Día De Los Muertos: Dubs Recognize the Dead


John Calame

A parade through the cafeteria on November 1st celebrates the Day of the Dead.

October 31 may traditionally be characterized by carved pumpkins and trick-or-treating, but what if the celebrations continue? A holiday offers a diversity of festivals, such as the Day of the Dead, a heavily observed holiday, primarily in Mexico. November 1 and 2 may seem like recovery days from Halloween for some North Atlanta students. Still, the celebration is just beginning for those looking forward to the Day of the Dead holiday. Day of the Dead is overflowing with cultural celebrations, and efforts are being made at North Atlanta to celebrate its exciting traditions.

North Atlanta Spanish teacher Thomas Williams believes the holiday is worth recognizing. Not only do the Dubs appreciate The Day of the Dead festivities, but even those who don’t celebrate it can experience a direct connection to the culture. “I shared Day of the Dead activities with my students because people shouldn’t just know of its existence, but also of its global importance,” said Williams.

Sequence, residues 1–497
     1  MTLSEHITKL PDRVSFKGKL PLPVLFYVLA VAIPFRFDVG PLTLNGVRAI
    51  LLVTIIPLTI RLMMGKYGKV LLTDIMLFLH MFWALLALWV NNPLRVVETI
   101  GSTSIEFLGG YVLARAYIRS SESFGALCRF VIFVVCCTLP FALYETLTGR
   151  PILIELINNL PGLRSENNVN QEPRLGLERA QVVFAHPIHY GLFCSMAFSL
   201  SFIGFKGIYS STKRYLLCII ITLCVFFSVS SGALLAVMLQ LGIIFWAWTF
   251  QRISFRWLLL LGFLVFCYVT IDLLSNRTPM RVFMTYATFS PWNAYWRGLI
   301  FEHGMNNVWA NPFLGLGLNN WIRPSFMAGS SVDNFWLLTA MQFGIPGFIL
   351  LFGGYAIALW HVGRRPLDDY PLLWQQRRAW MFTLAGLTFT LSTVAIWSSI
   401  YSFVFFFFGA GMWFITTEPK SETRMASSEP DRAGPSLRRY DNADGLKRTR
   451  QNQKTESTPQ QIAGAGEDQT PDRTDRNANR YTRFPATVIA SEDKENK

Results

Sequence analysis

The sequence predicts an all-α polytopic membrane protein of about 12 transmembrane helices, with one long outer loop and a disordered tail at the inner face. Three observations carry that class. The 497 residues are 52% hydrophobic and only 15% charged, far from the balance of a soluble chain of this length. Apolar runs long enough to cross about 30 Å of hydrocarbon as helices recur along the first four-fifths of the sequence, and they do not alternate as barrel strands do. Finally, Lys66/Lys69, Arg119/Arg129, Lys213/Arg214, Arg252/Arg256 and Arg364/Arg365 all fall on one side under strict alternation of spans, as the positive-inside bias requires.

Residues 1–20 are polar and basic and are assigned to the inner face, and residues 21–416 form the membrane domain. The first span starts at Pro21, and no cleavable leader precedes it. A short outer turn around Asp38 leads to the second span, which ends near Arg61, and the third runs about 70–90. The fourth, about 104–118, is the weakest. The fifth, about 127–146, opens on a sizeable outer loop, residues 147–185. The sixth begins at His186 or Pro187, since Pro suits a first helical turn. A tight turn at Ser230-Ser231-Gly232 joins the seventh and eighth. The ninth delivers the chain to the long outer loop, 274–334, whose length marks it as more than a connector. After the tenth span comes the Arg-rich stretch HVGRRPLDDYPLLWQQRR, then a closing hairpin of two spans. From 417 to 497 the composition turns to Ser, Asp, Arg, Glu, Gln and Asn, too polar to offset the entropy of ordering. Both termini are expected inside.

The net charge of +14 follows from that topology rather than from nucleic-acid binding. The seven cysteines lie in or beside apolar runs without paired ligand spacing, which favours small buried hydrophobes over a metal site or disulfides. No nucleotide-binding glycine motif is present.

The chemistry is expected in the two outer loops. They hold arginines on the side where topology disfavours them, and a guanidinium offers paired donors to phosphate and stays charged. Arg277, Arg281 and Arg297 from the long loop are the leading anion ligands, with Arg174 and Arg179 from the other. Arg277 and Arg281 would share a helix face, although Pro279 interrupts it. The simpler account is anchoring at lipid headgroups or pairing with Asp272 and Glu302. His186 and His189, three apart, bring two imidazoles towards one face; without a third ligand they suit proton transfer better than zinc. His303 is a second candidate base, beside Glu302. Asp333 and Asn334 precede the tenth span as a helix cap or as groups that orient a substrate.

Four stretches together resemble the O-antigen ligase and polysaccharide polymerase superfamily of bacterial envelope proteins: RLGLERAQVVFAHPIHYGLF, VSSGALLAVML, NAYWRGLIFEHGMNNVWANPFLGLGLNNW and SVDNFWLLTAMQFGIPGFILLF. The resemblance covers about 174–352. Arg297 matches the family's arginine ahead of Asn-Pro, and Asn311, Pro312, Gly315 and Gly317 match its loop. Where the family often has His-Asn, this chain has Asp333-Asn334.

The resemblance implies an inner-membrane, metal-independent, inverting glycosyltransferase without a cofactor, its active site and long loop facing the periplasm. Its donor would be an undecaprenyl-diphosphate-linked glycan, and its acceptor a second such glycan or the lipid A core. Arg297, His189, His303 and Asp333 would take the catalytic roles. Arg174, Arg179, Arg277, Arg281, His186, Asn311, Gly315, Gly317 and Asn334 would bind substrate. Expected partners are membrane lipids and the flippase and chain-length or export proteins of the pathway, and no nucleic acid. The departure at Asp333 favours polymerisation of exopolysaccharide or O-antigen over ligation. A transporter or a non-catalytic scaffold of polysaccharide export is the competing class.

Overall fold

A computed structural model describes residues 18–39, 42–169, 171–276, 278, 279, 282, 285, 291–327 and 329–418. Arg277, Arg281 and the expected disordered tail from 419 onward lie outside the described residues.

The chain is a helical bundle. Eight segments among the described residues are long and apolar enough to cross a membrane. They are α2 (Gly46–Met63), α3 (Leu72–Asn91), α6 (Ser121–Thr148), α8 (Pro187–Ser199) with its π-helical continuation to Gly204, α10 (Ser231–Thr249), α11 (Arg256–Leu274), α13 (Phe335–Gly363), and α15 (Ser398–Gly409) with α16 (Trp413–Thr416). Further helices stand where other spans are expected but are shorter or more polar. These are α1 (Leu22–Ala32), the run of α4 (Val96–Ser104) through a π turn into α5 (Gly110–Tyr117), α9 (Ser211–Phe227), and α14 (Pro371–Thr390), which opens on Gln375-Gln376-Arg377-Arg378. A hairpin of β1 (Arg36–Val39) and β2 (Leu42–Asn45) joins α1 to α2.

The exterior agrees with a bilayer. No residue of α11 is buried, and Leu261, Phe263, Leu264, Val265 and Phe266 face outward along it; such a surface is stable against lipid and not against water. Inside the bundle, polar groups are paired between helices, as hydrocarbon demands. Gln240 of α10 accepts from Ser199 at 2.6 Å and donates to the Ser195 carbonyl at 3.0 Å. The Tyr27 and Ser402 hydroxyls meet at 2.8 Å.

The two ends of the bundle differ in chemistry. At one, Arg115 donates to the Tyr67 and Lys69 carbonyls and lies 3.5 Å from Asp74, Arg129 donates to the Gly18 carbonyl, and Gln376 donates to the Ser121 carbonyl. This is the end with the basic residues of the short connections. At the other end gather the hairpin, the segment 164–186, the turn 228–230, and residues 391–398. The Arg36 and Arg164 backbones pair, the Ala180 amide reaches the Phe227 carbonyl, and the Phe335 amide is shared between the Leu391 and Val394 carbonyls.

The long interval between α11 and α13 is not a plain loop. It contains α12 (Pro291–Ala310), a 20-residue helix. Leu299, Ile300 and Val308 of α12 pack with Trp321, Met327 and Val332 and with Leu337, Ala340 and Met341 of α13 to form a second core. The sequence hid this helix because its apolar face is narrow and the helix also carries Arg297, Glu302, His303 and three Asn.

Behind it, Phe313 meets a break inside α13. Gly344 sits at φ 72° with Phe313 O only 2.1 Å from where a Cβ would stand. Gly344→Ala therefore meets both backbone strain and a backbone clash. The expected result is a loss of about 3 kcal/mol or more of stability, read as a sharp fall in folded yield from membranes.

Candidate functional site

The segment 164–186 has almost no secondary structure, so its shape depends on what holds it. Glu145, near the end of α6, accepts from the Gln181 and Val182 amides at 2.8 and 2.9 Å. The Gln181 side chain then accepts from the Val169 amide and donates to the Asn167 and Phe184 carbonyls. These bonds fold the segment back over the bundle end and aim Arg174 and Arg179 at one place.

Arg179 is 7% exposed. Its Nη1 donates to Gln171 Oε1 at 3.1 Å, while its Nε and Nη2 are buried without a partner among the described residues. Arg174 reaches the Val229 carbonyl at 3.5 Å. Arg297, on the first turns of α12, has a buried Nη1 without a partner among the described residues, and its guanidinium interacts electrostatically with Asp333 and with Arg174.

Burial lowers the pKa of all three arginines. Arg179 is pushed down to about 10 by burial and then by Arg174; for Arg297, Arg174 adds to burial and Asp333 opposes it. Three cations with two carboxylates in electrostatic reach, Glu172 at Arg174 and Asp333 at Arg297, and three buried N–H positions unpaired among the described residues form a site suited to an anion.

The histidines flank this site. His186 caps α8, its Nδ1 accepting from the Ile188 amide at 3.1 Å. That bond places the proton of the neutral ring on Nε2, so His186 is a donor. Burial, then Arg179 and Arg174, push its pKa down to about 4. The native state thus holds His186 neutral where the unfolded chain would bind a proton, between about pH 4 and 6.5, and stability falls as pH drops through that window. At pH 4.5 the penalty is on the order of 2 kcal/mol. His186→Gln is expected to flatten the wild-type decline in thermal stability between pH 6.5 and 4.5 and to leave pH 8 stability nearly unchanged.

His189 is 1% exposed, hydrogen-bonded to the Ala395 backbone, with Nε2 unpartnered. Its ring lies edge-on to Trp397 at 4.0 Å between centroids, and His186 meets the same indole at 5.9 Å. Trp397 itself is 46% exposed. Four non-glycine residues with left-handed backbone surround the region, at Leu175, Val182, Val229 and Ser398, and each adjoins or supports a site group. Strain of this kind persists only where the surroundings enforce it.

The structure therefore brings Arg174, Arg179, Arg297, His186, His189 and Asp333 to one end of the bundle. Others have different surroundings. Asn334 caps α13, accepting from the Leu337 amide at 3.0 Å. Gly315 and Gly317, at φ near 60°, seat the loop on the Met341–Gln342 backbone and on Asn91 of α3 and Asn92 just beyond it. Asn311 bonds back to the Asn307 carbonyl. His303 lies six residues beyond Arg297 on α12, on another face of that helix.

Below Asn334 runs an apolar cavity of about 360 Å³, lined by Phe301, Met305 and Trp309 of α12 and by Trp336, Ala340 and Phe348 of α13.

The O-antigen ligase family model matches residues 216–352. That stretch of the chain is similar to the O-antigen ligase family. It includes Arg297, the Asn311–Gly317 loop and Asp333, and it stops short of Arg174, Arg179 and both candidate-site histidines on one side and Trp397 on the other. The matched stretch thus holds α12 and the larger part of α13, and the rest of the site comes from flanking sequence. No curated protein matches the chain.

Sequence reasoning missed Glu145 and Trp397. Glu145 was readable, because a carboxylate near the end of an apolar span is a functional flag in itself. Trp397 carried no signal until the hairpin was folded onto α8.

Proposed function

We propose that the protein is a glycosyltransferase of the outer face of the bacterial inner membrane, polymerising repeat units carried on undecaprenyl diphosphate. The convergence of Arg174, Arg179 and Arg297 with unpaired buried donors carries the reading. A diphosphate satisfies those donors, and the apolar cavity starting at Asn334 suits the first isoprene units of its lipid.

Students across North enjoy what the celebrations teach them about the global nature of the world. Junior Jake Hunter feels that the Day of the Dead is a fascinating holiday to learn about. “I’m grateful to know about it and think others should too, so I was excited to enjoy the Dubs festivities,” said Hunter.

Other students saw value in the celebration’s history and cultural ties. Sophomore Marlon Sommersall enjoyed watching the festivities through the school and learning about it in his Spanish class. By learning about traditions tied to the holiday, he could find appreciation for the culture of others. “I appreciated learning about the Day of the Dead traditions,” Sommerwater said. “I don’t see why this rich celebration deserves any less of a spotlight than Halloween.”

The consensus within North Atlanta is that the Day of the Dead adds an exciting cultural experience to holiday festivities and academic curricula. The celebration offers a way to keep the fall seasons lively and experience a distinct side of tradition much enjoyed by Dubs across the eleven stories.